Reducing Risk to Adjacent Properties from Underground Utility Construction

In populated areas, underground utilities are the lifeblood of the community. These utilities require periodic maintenance, expansions and replacement. Therefore, underground utility construction is common in cities, suburbs and rural villages alike.

Most people notice underground utility construction because of the traffic problems they may cause. However, if you are familiar with geotechnical or geostructural construction, you may have noticed poor or inconsistent risk management practices in the underground utility construction sector. Utility construction is not subject to the same type of codes and standards as buildings or transportation structures. Instead, the work may be governed primarily by the utility owner’s standards. Since the sophistication of utility owners can vary widely between a small-town water department and a major operator like ConEd or DC Water, the agency standards may vary widely from one owner to the next. Continue reading “Reducing Risk to Adjacent Properties from Underground Utility Construction”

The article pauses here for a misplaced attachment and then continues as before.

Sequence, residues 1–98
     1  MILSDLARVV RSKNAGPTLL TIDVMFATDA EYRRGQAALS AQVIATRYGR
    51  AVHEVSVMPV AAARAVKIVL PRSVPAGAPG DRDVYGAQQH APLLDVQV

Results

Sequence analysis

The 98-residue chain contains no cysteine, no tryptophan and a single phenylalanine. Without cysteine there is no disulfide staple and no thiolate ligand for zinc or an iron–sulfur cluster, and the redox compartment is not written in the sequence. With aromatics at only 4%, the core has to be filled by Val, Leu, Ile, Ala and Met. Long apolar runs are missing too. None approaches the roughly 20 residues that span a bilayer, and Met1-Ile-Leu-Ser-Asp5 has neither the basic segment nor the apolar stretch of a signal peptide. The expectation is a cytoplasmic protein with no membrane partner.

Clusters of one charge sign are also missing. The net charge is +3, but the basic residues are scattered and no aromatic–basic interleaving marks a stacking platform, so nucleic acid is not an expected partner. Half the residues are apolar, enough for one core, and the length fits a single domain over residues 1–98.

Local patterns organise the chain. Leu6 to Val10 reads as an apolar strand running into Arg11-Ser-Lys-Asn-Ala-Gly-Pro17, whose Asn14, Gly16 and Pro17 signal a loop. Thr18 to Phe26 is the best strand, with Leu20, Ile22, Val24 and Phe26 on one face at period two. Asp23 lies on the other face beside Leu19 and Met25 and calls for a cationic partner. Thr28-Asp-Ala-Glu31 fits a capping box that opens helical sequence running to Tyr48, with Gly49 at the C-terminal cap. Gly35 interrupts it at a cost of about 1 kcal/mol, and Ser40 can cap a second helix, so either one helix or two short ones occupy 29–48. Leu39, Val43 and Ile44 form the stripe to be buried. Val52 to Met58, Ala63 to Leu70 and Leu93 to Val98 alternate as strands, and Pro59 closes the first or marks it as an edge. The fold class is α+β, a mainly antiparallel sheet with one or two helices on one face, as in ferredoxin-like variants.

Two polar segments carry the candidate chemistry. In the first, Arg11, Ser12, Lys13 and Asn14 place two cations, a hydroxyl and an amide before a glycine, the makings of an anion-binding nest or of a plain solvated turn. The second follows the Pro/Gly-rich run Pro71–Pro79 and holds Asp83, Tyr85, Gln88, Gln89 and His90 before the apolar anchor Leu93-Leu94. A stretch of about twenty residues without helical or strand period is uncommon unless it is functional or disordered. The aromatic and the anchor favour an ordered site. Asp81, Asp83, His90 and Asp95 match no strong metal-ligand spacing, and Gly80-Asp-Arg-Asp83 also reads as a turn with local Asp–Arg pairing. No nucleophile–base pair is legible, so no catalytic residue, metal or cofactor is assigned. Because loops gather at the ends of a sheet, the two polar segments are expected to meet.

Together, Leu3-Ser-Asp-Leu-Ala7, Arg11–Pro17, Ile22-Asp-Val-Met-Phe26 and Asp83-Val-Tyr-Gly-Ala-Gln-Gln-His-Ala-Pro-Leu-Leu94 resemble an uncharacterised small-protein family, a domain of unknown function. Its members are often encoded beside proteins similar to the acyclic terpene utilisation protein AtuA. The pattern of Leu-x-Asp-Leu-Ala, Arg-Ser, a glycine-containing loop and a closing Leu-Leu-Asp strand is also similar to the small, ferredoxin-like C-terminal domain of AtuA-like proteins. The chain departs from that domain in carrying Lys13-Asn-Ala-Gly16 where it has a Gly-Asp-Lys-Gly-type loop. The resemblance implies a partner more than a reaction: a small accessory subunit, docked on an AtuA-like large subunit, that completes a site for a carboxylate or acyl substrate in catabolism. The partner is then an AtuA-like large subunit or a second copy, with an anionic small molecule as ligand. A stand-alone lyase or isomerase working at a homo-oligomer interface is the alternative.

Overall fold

What are the Alternatives to Pier Underpinning?

A common application of underpinning is maintaining the stability of the foundations for adjacent structures during excavation on urban sites. If the excavation is deeper than the foundation depth for an adjacent structure, then the soil below the foundation could fail as the excavation proceeds, potentially causing the structure to collapse. Increasing the depth of an existing basement or cellar often requires underpinning to avoid similar foundation failures.